ABOUT

I never thought I’d be an author. In fact, if you’d asked a five-year-old me, living in Richmond, Virginia with her parents and little sister, what she wanted to be when she grew up, she wouldn’t have been able to give you a single answer. It would have been some hybrid non-job, a professional chimera of sorts, part artist, part horseback rider, part musician, part office worker, part chef. All I knew at that stage in life was that I was interested in everything and I hated being bored. 

If you had asked teenage me, living in Chicago, Illinois, the child of two MBA-trained parents, what she wanted to be when she grew up, her answer would have been a bit more practical. “I dunno, something with business,” I had been known to say, accompanied by an adolescent shrug and a cliché of an eyeroll. 

In college, faced with the prospect of choosing a major, (or, “concentration” as my fellow students at Brown University would remind me) I would be forced to pick a lane. And since I had long abandoned my dreams of someday becoming a sculptor-equestrian-floutist-accountant-culinary artist, I chose a path that seemed practical and interesting at the time: computer science. 

I threw myself into computer science whole-heartedly, nearly finishing the major by the end of my junior year, along with a half dozen TA positions, an internship each at Google and Facebook, and with a lucrative job offer waiting for me in San Francisco when I graduated, as an Android engineer at Facebook. 

But I supposed I never fully evicted that five-year-old from my psyche. The one who wanted to be everything. An artist, a horseback rider, a musician, an office worker, a chef… and an author, apparently.

I had always loved words: big words, funny words, word games, word puzzles, alphabet soup, you name it. And as a freshman in college I (almost by accident) became a crossword constructor, too, publishing my first crossword in Brown’s puzzle week in the New York Times. And by the time I was a junior in college, I formalized that love of words by declaring a second concentration in literary arts, simply because I had taken so many of the required classes already, just for fun, that I figured I may as well receive a degree for it.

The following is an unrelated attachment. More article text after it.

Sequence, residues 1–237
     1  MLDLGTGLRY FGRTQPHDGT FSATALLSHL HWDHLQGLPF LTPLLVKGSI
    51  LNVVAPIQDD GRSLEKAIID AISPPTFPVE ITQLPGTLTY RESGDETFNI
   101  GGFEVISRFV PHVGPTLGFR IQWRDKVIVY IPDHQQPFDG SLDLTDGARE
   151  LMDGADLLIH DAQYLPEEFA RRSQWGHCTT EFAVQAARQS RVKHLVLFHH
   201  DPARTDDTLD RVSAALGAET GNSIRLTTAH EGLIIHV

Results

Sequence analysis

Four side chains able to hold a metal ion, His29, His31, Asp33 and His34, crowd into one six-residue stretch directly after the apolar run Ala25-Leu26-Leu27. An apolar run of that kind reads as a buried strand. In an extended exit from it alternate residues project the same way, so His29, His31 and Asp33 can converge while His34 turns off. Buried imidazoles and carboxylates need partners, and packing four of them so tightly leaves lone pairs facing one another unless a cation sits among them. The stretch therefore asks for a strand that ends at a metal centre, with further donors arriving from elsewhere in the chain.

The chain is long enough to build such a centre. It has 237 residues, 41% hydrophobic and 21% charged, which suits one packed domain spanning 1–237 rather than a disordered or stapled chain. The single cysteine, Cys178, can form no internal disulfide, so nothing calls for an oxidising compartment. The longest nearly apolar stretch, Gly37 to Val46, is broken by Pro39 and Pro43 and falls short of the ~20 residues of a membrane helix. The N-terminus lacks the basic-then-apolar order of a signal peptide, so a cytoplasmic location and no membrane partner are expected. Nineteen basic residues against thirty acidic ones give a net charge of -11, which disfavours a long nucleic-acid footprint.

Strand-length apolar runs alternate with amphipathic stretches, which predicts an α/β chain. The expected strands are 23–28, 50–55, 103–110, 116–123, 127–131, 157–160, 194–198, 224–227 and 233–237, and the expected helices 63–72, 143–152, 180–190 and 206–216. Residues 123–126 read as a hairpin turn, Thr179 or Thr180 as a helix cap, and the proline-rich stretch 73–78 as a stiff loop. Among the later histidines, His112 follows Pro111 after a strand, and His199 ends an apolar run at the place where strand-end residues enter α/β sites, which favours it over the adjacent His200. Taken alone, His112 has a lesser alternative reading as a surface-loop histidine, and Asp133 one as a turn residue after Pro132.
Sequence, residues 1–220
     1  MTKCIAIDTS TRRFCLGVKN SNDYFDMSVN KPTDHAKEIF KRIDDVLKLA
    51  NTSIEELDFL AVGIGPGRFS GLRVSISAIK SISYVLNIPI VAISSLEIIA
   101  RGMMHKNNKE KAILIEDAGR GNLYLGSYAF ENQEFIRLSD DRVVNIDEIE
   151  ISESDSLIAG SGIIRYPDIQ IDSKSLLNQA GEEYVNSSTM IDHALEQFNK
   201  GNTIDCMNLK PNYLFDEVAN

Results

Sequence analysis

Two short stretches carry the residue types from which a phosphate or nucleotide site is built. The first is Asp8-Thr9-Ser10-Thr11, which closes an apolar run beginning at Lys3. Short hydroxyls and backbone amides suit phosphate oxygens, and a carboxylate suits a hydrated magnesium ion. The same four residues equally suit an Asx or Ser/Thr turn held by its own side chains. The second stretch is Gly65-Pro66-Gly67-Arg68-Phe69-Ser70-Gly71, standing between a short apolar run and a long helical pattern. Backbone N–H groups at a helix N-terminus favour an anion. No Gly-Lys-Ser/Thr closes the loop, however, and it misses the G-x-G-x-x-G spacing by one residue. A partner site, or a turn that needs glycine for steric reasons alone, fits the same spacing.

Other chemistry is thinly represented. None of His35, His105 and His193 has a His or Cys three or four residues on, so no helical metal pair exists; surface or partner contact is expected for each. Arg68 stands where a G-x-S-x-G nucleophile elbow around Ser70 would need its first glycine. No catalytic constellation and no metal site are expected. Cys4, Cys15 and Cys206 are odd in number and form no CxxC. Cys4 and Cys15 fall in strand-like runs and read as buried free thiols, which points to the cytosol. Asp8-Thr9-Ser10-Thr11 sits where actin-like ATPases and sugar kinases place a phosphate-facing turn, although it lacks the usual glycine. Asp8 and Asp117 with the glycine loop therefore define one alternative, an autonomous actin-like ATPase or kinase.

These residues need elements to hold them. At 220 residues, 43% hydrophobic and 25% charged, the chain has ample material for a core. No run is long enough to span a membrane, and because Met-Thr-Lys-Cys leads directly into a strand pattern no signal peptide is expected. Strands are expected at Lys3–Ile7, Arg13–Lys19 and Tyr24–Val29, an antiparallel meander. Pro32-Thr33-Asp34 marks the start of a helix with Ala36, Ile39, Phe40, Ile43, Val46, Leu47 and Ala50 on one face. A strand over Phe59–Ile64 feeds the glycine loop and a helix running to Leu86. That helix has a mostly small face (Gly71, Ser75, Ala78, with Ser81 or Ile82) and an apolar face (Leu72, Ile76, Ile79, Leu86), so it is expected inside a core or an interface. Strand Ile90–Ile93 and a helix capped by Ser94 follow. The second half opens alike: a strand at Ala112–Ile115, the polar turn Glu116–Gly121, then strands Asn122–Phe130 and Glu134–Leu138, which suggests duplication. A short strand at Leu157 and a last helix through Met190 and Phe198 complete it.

I even started writing a book. 

It was the summer I was working at Google, and for some reason they didn’t have much work for me to do, so, as a respite from playing pool and eating five meals a day in Google’s myriad cafeteria, I began to draft my magnum opus. It was a YA dystopian novel called The Frozen City that was nearly 100,000 words, began with a prologue that was also a dream sequence and a flashback, and I spent three years revising it and querying it before realizing that maaaaybe I needed some help if I was going to actually do this author thing for real. Maybe I needed to get an MFA. 

I was working at Uber by this point, still as an Android engineer, but I enrolled in Hamline University’s low-residency MFA program in writing for children and young adults in order to hone my writing craft, and that’s where I began writing the book that would eventually become EMMY IN THE KEY OF CODE.

Now, I live in that in-between. 

I love in that in-between.